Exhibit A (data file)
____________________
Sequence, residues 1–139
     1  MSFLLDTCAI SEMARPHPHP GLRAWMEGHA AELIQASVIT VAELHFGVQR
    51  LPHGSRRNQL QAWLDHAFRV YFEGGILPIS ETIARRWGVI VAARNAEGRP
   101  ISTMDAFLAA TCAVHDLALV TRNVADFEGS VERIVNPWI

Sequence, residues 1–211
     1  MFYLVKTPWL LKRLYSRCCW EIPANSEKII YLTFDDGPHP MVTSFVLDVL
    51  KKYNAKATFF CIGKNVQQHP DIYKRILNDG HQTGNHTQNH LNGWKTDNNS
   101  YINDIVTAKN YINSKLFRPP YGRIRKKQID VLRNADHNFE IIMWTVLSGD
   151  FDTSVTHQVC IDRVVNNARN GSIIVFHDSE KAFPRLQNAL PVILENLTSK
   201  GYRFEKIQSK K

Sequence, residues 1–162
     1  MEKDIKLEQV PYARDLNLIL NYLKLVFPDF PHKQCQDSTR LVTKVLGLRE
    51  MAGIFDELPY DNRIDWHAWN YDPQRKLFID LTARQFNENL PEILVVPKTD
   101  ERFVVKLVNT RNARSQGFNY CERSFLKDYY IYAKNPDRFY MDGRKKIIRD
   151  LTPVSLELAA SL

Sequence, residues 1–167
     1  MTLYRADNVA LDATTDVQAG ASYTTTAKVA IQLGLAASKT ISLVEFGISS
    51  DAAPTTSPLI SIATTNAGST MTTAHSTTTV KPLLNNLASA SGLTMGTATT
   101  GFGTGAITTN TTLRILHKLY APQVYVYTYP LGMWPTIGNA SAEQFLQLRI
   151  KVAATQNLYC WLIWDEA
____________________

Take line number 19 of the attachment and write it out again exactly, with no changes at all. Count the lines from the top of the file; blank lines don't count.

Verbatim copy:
   101  GFGTGAITTN TTLRILHKLY APQVYVYTYP LGMWPTIGNA SAEQFLQLRI